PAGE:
Kitplus - The TV-Bay Magazine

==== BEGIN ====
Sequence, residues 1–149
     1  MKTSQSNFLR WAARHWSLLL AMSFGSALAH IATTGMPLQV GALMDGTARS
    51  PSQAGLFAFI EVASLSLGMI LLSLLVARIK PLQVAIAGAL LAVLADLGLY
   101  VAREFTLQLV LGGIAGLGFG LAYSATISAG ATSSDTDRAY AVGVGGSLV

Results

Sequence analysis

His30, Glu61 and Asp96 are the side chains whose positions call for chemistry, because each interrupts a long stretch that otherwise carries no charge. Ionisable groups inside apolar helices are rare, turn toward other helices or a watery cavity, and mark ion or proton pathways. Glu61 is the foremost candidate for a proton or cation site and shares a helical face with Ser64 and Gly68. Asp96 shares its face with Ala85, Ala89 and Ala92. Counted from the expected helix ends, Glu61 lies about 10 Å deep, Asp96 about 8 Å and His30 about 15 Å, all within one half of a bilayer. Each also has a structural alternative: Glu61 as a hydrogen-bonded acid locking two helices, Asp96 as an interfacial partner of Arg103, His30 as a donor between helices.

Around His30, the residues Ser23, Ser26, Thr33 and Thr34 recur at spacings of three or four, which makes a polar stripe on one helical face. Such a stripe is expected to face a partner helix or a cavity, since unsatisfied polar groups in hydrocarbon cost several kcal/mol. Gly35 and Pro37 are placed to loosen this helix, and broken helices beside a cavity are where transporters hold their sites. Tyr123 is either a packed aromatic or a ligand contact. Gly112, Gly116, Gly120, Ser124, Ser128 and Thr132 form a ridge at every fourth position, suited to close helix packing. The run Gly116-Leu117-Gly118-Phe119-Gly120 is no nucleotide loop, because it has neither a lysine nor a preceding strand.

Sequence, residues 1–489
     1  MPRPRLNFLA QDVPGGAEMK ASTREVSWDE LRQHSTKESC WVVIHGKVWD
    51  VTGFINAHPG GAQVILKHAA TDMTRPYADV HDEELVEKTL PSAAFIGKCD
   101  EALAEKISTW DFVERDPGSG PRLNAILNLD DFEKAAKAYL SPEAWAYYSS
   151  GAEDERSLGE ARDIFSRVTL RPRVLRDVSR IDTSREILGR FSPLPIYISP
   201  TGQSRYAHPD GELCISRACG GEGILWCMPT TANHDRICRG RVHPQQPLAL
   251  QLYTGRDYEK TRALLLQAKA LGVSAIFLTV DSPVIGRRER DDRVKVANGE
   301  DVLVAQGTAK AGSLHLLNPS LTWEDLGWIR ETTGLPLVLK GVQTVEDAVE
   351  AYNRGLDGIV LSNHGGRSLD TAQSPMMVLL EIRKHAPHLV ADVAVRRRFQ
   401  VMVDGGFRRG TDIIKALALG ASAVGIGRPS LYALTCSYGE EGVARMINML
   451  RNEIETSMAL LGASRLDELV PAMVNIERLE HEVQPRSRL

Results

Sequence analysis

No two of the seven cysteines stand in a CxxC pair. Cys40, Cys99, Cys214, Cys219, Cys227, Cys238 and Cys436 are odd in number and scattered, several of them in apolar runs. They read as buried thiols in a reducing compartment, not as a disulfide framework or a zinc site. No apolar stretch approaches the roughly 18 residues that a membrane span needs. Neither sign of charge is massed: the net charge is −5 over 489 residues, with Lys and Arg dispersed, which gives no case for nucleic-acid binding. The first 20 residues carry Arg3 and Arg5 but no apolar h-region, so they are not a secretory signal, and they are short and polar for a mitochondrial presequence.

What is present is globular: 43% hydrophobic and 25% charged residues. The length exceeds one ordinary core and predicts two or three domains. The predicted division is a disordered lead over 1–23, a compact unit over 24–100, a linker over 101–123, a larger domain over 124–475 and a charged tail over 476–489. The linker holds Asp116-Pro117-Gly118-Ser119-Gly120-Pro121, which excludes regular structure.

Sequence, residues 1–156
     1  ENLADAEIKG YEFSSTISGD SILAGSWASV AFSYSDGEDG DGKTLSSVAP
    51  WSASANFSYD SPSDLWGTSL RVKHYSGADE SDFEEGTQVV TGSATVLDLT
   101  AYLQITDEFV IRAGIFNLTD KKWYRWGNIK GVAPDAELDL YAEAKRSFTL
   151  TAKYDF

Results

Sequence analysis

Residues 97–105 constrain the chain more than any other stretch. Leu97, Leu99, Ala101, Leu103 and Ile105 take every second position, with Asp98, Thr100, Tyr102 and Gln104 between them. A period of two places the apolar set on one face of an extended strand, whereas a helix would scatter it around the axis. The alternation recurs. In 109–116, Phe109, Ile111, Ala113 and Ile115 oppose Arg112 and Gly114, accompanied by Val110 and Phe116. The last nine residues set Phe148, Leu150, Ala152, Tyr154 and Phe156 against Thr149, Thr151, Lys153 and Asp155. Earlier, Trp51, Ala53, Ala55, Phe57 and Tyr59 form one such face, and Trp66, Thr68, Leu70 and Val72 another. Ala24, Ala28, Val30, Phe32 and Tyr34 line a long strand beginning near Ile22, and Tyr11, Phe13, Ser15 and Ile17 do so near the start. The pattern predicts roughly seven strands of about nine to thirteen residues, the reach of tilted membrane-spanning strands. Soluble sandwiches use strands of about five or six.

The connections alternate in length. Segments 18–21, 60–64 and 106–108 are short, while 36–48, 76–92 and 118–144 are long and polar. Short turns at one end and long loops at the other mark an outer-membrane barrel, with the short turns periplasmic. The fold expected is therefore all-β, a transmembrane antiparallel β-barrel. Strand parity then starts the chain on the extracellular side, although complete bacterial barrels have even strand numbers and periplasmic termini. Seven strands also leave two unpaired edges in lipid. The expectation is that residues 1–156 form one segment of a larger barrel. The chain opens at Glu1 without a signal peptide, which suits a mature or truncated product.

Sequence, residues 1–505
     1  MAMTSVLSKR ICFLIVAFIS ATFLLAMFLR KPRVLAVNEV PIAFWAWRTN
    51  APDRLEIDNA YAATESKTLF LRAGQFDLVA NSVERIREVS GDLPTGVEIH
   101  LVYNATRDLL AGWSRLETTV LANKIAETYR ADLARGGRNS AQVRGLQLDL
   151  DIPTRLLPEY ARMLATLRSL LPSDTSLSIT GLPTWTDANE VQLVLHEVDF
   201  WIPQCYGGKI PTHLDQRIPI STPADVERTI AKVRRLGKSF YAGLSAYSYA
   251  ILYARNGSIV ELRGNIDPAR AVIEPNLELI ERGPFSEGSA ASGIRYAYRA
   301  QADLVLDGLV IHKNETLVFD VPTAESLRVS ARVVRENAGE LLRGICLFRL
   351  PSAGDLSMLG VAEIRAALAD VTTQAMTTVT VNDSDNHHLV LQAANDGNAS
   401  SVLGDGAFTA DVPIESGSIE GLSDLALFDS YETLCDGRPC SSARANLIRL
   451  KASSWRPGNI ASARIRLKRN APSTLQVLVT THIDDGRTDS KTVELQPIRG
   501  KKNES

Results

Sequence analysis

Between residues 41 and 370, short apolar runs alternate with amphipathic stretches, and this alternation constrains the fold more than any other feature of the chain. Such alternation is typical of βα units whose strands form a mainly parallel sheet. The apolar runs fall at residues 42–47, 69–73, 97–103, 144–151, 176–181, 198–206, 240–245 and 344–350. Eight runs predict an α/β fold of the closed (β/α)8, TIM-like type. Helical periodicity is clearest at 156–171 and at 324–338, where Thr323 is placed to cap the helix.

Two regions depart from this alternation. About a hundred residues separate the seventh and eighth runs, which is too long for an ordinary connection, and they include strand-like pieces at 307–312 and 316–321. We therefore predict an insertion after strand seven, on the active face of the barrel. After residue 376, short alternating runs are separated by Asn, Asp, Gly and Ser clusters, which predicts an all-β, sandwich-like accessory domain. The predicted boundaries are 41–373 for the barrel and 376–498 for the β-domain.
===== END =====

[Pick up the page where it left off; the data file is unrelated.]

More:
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MONITORING Test & Measurement Ask the Expert with Alan Wheable FISTC, MITOL What should an Eye diagram look like? There are basically two different approaches to capturing the Eye Diagram from an SDI signal. These are real-time capture (employed by Real Time oscilloscopes) and signal subsampling (employed by Sampling oscilloscopes such as the Omnitek Ultra 4k Tool Box). All broadcast T&M equipment will use one of these approaches to create the Eye Diagram using a variety of proprietary techniques. Real Time oscilloscopes build the Eye using the complete waveform from a single trigger point and captured from the signal at a frequency at least 2.5 times higher than the signal. Sampling oscilloscopes build the Eye pattern from individual pixels sub- sampled at a frequency lower than the signal with position of each sample offset from the previous. These two approaches produce a subtly different pseudo-live display which the T&M equipment has processed and fi ltered to give the most accurate results. The Eye pattern can be shown with or without jitter superimposed. With jitter the resultant Eye can be thicker, it can have movement and it can close. With 12G-SDI the permitted jitter for some frequencies is 8UI and even at 0.2UI the Eye will close making it diffi cult to measure accurately. So for most purposes the Eye should be jitter-free so that the signal shape can be seen and the critical parameters of amplitude, rise time and fall time can be measured. A common misbelief with Eye Diagrams is that one display method is somehow better than another. In practice the method is irrelevant as the displayed Eye Diagram is nearly always the same and this is the important thing when making measurements. How can I gauge the quality of an SDI signal and why is it so important for 12G-SDI? The quality of the SDI signal is important as this determines the maximum cable length the signal can be sent and can be defi ned by the waveform shape and the jitter level. 52 | KITPLUS - THE TV-BAY MAGAZINE: ISSUE 107 NOVEMBER 2015 The waveform shape is different for SD, HD, 3G, 6G and 12G SDI signals. For SD it is almost a square wave but for 12G it is more like a sinewave due to the attenuation of the high harmonic frequencies of the fundamental clock frequency. Regardless of the clock rate, the most important waveform aspects are the amplitude, rise and fall times. Overshoot and undershoot are indicative of phase differences in the harmonic frequencies (normally due to return loss and signal driver quality) but as long as they are within specifi ed limits they should not affect the overall cable length. Note that current generation, high slew rate driver chips for 12G-SDI can transmit over 60m with Belden 1694 A cable. Even with the perfect waveform shape, the level of jitter will affect the cable length because the jitter effect is accentuated with lower signal level as the signal rise / fall times are longer. It is essential to remove jitter from the Eye Diagram and monitor it separately. Omnitek’s Ultra 4k Tool Box employs this method for this reason. It is essential that Eye Pattern shape and Jitter measurement are within specifi ed limits at the sending equipment’s output, over a 1m cable and using 100% bars as this is the best way to ensure that the signal can be delivered over reasonable cable length when actual live video is used. How do I know that my equipment is immune to ‘Potholes’? ‘Potholes’ (or TRS-Induced Pathological Conditions) are long sequences of ‘ones’ and ‘zeros’ that can occur in the SDI data steam when the 8 data streams of the 4k / UHD image are multiplexed onto a single 6G-SDI or 12G-SDI cable. The effect of ‘potholes’ is jitter, and potentially data errors, in the receiving equipment as it loses and re-locks after each occurrence. These ‘potholes’ potentially occur twice in every 512 lines when the TRS preamble sequences from the 8 different streams are multiplexed. For 6G-SDI the concatenated TRS preambles result in 8 consecutive